• organic farming;
  • plant breeding;
  • winter wheat;
  • yield;
  • baking quality


BACKGROUND: A challenge in wheat (Triticum aestivum L.) breeding for organic farming is to provide high-yielding cultivars with appropriate baking qualities under the limiting conditions of organic fertiliser input and without the use of pesticides. Cultivars are usually tested on organic and conventional farms. However, field properties may differ owing to spatial variations of soils and microclimate heterogeneity. In this study, old, organically bred and conventionally bred cultivars were tested in organic and conventional farming systems of the DOK long-term system comparison trial.

RESULTS: Effects of cultivars and systems on yield and quality parameters were statistically significant. Genotype × system interactions were generally not observed. Grain yield across all cultivars increased from 4.2 Mg ha−1 under organic conditions up to 6.8 Mg ha−1 under conventional conditions, with protein contents of 90 and 117 g kg−1 respectively. Conventionally bred cultivars yielded significantly more under conventional conditions than organically bred cultivars, whereas neither organically nor conventionally bred cultivars performed better under organic conditions.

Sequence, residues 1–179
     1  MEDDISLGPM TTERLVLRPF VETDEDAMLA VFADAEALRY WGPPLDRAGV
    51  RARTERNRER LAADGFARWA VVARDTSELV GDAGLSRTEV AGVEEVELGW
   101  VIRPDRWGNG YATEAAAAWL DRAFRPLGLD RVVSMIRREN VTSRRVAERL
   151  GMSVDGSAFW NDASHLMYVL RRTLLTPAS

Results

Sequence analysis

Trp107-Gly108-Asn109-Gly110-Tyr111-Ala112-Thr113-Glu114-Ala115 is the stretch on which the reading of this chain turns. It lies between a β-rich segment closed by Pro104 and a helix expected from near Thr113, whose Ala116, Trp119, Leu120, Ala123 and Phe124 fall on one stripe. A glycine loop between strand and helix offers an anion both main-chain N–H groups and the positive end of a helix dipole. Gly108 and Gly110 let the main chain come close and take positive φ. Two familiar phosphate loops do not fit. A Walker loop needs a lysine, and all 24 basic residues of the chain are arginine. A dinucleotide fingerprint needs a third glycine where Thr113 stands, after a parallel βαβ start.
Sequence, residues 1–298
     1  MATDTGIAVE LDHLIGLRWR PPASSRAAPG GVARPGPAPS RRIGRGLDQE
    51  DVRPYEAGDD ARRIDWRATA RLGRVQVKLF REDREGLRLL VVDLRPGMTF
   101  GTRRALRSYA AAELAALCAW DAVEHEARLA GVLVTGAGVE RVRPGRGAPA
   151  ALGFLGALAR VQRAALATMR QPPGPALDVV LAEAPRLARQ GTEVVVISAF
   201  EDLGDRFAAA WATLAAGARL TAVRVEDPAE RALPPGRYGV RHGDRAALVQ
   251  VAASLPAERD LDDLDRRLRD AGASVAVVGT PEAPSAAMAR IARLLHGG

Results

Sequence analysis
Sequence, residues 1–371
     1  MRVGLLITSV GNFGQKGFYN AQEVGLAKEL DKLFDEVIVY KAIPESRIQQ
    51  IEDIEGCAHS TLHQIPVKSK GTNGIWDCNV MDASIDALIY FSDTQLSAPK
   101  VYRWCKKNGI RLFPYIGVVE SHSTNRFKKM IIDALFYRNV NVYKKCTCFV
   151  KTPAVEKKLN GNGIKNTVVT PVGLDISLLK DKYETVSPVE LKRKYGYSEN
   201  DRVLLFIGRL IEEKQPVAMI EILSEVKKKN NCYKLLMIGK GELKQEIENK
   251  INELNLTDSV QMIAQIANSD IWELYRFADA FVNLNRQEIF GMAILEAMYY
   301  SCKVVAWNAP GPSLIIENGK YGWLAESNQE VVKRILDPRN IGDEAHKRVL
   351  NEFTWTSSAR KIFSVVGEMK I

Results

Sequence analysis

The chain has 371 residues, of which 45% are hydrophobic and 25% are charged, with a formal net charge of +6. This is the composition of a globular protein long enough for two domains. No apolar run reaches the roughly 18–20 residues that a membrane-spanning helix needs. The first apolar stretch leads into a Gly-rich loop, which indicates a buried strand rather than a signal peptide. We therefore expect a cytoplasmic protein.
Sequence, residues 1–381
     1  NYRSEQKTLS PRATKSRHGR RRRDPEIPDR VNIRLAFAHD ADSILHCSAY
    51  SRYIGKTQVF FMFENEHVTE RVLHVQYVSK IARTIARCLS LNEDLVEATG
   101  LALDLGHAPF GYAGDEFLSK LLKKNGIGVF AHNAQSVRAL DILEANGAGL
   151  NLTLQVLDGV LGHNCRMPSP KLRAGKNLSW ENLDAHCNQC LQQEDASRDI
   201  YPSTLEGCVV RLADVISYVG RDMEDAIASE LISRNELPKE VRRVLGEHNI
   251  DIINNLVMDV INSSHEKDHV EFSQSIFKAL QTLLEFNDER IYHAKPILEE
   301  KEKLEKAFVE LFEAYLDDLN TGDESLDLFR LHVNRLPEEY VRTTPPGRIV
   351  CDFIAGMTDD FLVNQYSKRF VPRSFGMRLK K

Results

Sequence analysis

CONCLUSION: Breeding for yield was successful, but only under high-input conditions, where these successes were accompanied by rising inputs of external resources. The results of this study suggest that cultivar testing in long-term system comparisons can complement standard on-farm testing. Copyright © 2009 Society of Chemical Industry